Children learn much about the world through exploration and discovery; encouraging play helps children develop their own problem solving skills and social skills, as well as physical development. Offering children opportunities to play in a safe environment gives them the chance to develop skills necessary for school-readiness and important life-lessons.

Dramatic Play and the Developing Child

Children begin to understand how and why the world works as they explore. Often times in dramatic play— dress-up and role-playing— children act out scenes from their own lives, television, or books. These can be everyday routines of people in children’s lives or fantasy tales of good versus evil. In both types of dramatic play, children use their knowledge about how the world works to play.

Dramatic play encourages children to solve problems they see in the real world, and gives them a chance to work on social skills— empathy, sharing, and regulating emotions—while playing together. For example, a child who wants to play doctor must imagine what a doctor looks like, needs, and does. The child may imagine that a piece of tape is a Band-Aid or a stuffed animal is a sick patient. And children playing doctor together must negotiate who is doctor and who is patient. This simple activity requires abstract thinking, creativity, imagination, and cooperation, which are all crucial for learning.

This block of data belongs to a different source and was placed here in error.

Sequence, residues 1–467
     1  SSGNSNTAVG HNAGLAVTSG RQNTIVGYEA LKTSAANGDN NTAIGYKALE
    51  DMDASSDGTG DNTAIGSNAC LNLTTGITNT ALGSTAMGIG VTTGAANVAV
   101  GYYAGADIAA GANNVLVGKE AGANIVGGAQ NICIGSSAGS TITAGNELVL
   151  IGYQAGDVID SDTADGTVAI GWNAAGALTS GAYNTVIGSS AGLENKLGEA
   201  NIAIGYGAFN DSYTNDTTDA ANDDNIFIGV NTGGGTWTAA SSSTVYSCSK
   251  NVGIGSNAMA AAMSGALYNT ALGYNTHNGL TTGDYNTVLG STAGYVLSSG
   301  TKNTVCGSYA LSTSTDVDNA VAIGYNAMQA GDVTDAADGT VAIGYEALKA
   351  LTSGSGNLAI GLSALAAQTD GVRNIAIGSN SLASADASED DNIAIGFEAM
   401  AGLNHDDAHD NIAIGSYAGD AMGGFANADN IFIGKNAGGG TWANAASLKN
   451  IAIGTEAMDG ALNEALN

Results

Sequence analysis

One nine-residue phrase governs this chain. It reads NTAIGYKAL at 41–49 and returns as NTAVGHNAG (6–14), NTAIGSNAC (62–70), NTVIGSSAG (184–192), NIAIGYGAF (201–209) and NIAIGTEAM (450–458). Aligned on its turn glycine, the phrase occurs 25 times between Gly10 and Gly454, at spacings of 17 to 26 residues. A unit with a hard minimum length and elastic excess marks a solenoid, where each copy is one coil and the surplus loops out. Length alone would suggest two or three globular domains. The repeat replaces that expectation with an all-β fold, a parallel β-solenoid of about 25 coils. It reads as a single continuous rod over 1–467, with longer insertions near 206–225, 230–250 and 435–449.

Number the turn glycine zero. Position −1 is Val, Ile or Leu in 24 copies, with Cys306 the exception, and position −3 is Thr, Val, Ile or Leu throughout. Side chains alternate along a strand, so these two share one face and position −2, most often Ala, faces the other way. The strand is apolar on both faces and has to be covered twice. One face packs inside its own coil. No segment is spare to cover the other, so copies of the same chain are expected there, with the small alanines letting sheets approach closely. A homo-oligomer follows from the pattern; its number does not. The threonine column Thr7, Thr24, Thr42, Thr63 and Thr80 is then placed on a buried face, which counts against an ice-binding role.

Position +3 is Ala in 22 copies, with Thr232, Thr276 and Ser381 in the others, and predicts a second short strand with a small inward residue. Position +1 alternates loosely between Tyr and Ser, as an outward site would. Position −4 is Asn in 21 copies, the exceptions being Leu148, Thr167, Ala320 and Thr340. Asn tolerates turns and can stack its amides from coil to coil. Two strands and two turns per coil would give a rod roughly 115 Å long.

How Should I Encourage Dramatic Play?  

Many dramatic play toys are smaller versions of what children see adults use everyday like tool kits, phones, kitchenettes, and dress-up. Think of things you use everyday at work or home and show your child how they work and why you use them.

In addition to- or as an alternative to buying dress-up clothes and toys, work together with your child to build or construct toys using recycled materials or old clothes. Visit for ideas on how to recycle cardboard, old clothes, or building material for kids’ toys!

Taking Dramatic Play Outdoors

Dramatic play does not always need to be indoors. For games that involve lots of action, heading outdoors can be a great way to get fresh air, exercise, and learn about the natural world.

Try out a predator-prey chase game instead of tag. One person chooses a predator animal (eagle, wolf, lion, etc.) and the other person chooses a prey animal (rabbit, deer, zebra, etc.). When the prey animal gets tagged and becomes “it” they have to choose a new predator animal and the predator has to choose a new prey animal. In addition to getting plenty of exercise, this game introduces children to basic food webs and ecosystems.

Taking a Time Out

We live in a highly structured world with deadlines, hectic schedules, and lots of digital devices. Unplugging and devoting time for play is important for healthy child development. Dramatic play offers a chance for children to learn skills important for school and life, while bonding with parents. So, put on a monkey mask and go have fun!

Contributed by Charlene L. Montaño Nolan